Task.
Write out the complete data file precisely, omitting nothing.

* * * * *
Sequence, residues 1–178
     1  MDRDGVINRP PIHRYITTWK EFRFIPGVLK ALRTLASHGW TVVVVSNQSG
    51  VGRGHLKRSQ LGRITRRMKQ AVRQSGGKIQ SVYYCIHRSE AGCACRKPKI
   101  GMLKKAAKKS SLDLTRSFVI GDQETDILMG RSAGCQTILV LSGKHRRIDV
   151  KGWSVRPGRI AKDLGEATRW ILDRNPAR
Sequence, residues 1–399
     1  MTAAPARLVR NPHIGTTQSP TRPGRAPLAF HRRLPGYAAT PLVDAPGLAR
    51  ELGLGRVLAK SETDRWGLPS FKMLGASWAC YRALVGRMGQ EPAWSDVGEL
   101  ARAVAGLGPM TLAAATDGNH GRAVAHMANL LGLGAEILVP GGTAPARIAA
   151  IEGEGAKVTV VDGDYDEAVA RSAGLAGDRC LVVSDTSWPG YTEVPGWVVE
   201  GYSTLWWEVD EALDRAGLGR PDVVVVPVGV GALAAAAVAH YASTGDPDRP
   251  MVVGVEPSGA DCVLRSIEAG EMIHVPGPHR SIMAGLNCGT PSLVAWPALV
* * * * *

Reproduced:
Sequence, residues 1–178
     1  MDRDGVINRP PIHRYITTWK EFRFIPGVLK ALRTLASHGW TVVVVSNQSG
    51  VGRGHLKRSQ LGRITRRMKQ AVRQSGGKIQ SVYYCIHRSE AGCACRKPKI
   101  GMLKKAAKKS SLDLTRSFVI GDQETDILMG RSAGCQTILV LSGKHRRIDV
   151  KGWSVRPGRI AKDLGEATRW ILDRNPAR
Sequence, residues 1–399
     1  MTAAPARLVR NPHIGTTQSP TRPGRAPLAF HRRLPGYAAT PLVDAPGLAR
    51  ELGLGRVLAK SETDRWGLPS FKMLGASWAC YRALVGRMGQ EPAWSDVGEL
   101  ARAVAGLGPM TLAAATDGNH GRAVAHMANL LGLGAEILVP GGTAPARIAA
   151  IEGEGAKVTV VDGDYDEAVA RSAGLAGDRC LVVSDTSWPG YTEVPGWVVE
   201  GYSTLWWEVD EALDRAGLGR PDVVVVPVGV GALAAAAVAH YASTGDPDRP
   251  MVVGVEPSGA DCVLRSIEAG EMIHVPGPHR SIMAGLNCGT PSLVAWPALV